With Raspberry Pi now supplying a browser capable of using Scratch 2, I thought I’d see if it was possible to get use Scratch 2 in a browser to control the GPIO pins on a Pi – and the answer seems to be Yes 🙂
(This is all proof of concept and I thought I’d recount the things I tried along the way to getting it working)
Because Scratch 2 is completely locked down from us users interacting with it. The only external hardware that is approved to interface to it is LEGO WeDo (I presume they paid large sum of money for this exclusive right!)
However, there is a site called ScratchX, run by Kreg Hanning -a prominent Scratcher, where they have their own complete copy of Scratch2 running that does let geeks create extensions to interact with all sorts of things from hardware like Ardunio and LittleBits to big data sets like Weather information.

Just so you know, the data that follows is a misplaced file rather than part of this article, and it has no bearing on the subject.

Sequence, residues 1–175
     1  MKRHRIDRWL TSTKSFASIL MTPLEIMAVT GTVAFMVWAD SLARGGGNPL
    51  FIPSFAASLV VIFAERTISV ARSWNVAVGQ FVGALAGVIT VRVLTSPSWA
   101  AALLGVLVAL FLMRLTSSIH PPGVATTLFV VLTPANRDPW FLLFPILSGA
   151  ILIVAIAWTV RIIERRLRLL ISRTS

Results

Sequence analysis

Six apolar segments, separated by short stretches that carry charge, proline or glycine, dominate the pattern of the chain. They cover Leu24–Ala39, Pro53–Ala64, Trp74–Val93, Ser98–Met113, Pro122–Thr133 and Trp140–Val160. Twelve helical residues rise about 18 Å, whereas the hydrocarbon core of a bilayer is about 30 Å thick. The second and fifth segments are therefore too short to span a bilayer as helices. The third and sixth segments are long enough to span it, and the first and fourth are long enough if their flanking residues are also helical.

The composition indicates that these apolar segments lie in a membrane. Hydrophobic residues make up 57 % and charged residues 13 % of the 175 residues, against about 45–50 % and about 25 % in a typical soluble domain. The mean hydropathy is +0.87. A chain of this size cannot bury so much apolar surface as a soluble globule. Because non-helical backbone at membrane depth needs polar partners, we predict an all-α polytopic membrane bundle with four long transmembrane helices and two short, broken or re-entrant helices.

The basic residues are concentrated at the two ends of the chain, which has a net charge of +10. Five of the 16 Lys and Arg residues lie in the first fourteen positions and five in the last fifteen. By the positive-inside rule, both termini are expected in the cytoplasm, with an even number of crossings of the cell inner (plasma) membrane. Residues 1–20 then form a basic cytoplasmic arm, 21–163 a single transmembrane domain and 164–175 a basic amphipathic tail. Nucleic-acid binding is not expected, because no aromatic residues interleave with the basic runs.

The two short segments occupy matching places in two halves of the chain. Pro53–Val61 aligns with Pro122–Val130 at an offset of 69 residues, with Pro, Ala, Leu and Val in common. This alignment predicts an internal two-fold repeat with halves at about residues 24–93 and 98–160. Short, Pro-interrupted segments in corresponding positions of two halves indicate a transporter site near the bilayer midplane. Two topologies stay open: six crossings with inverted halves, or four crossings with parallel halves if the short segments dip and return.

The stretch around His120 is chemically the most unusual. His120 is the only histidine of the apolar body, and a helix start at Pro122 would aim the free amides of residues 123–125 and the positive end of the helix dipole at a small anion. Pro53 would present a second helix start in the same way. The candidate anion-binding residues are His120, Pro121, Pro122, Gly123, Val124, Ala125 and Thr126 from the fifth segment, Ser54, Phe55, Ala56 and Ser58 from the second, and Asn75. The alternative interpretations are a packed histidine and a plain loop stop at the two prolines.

I scoured the docs to find out how these extensions interacted with the outside world and soon discovered that to interact with hardware it said I needed to download a Chrome extension.
However, there was no extension listed for Linux and worse still – I found stuff on T’internet that said there was an issue with it and it didn’t work anyway!
Nevertheless, I gave it a go, but go no-where with it. 🙁
All the documentation talks about hosting your extension on Github using something called github Pages – I tried doing that but eventually gave up – I’m sure it works as others have done it but its a LOAD of hassle and work.
Then I thought – why don’t I try just hosting my extension on a webserver on the Pi itself! So having recently used lighttpd as a websockets (witchcraft stuff) interface to allow me to use a webpage to interface to my home MQTT IoT system, I installed it and using someone else’s extension.js (twitter one from technoboy10) I successfully managed to load it into Scratch and use it to get tweets.
So that was stage one success – I was in the extension development business….